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  • Writer's pictureRon Dickson

Developing the Pentatonic Scales

Pentatonic scales frequently are criticised and thought of as purely for beginners, with some advanced players considering it beneath them. And yet they have a wealth of possibilities that open up improvisational skills that bridge the gap from the basics to chromatic note choices.

The starting point is probably the source of these issues, with the minor pentatonic being one of the first scales to learn. Once you have it, you now play a solo using it and produce something that you struggle to make sound good. It is not the scale’s fault, but it is the fault of a lack of demonstration of how to use it correctly, note choice, expressive techniques, sequences, intervallic sequences, and letting the music breathe, all of which make you sound good improvising.

This blog is about the actual scale and its practical use to develop your understanding of how the notes you play fit into the chords.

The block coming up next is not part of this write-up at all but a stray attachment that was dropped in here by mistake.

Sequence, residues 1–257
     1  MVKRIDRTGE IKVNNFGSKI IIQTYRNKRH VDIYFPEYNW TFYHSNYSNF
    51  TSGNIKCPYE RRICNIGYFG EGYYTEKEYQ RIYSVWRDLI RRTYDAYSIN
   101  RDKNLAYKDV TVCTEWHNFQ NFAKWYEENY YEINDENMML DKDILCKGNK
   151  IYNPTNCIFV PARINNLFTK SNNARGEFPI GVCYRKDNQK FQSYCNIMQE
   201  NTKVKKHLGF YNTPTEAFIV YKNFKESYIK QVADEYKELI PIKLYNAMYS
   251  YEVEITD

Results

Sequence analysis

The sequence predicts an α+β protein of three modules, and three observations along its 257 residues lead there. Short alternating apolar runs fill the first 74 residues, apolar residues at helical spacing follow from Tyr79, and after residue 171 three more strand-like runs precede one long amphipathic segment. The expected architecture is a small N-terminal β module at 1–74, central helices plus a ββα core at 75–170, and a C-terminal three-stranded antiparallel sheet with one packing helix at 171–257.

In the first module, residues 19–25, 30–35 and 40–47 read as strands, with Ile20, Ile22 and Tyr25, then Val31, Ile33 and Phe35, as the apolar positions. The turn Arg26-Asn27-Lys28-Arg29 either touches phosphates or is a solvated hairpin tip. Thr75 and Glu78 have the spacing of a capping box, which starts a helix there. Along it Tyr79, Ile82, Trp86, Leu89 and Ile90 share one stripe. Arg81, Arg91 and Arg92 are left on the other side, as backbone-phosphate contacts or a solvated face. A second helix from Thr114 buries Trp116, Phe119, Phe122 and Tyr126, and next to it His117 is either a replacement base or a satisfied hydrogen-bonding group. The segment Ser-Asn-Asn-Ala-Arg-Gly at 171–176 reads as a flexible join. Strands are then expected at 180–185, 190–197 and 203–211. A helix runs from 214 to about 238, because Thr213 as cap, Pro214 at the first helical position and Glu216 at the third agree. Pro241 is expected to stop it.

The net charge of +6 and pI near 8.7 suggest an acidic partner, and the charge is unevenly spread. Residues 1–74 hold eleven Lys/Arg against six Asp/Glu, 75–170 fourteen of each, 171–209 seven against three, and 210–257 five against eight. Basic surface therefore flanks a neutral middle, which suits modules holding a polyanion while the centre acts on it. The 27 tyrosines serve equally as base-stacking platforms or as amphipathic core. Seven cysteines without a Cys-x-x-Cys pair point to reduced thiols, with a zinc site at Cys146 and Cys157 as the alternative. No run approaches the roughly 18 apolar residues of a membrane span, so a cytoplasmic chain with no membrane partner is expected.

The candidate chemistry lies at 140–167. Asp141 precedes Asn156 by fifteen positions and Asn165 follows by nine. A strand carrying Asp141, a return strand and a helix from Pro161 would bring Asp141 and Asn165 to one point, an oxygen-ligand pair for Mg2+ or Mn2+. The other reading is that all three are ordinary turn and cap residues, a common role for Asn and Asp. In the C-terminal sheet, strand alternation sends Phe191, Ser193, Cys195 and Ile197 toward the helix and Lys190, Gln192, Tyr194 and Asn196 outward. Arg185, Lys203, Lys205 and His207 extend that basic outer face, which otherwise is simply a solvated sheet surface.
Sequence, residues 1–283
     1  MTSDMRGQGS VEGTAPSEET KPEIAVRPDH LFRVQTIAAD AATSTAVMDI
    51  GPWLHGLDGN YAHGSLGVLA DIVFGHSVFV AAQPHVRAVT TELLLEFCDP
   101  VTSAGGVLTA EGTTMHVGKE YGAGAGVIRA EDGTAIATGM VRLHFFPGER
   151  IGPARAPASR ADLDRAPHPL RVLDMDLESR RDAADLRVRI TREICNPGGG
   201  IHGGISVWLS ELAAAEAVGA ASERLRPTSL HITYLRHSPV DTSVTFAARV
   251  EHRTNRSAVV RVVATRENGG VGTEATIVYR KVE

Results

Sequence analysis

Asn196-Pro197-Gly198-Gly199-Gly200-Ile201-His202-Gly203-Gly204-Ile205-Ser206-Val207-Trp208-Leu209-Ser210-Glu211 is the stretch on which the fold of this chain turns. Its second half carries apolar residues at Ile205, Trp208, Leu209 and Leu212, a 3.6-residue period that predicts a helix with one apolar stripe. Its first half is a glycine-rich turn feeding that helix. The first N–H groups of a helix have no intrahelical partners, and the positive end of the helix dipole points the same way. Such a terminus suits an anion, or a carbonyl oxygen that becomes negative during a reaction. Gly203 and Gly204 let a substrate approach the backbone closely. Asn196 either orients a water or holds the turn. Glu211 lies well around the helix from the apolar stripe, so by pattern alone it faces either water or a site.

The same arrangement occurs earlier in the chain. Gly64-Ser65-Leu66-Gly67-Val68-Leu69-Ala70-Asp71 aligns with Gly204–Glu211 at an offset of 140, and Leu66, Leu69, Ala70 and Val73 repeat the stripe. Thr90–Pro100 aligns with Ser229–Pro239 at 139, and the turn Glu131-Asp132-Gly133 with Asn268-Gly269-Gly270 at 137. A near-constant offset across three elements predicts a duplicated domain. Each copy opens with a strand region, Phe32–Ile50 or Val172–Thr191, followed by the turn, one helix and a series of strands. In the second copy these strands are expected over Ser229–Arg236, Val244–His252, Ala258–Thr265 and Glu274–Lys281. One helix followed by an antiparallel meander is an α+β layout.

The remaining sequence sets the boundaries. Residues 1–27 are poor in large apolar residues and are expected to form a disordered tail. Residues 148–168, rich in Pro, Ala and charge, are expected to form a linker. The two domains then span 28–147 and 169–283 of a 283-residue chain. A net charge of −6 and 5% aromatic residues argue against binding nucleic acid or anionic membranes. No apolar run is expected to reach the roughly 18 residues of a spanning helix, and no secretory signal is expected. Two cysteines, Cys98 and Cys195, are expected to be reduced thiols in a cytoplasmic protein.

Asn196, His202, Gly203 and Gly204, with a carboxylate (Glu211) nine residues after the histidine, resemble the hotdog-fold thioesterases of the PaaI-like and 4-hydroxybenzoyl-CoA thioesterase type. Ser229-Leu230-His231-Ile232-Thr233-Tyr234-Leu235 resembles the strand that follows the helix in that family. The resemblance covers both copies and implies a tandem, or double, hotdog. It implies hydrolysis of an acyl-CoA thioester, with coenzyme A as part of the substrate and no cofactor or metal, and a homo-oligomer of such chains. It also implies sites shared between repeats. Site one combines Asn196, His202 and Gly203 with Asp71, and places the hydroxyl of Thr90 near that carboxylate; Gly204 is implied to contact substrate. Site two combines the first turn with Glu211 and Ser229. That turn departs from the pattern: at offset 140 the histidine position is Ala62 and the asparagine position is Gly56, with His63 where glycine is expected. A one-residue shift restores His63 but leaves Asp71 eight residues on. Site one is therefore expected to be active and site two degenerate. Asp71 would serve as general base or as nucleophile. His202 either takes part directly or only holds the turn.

Keeping it simple, songs are in a Major or Minor key. The chords correspond to this key throughout the song. Let us choose Major and play the Major Pentatonic over this chord progression. Sounds OK but doesn’t always fit well, and this is due to the chords changing underneath. To develop our musical understanding, we should change the Pentatonic scale we play according to the chord currently being played. The very act of doing this starts the focus of the chord tones, changing tonal centres and the notes we should play over which chord.

Far easier a concept to understand than to achieve in practice, this one step takes a lot of work in understanding chord progressions, understanding where the notes on the neck lie and knowledge of the minor and major pentatonic scales all over the neck.

The following steps combine the pentatonic scales with the key’s Major or Minor pentatonic scale. We are getting to this stage and now playing in modes of the original key without having to learn them thoroughly. (In fact, it is easier to learn modes from here as the application is already in place)

Basics covered, we move on to the minors and compensate for altering the V chord from Minor to Major. We are getting into the fairly advanced territory by starting to include the Dominant Pentatonic and the Half Diminished pentatonic.

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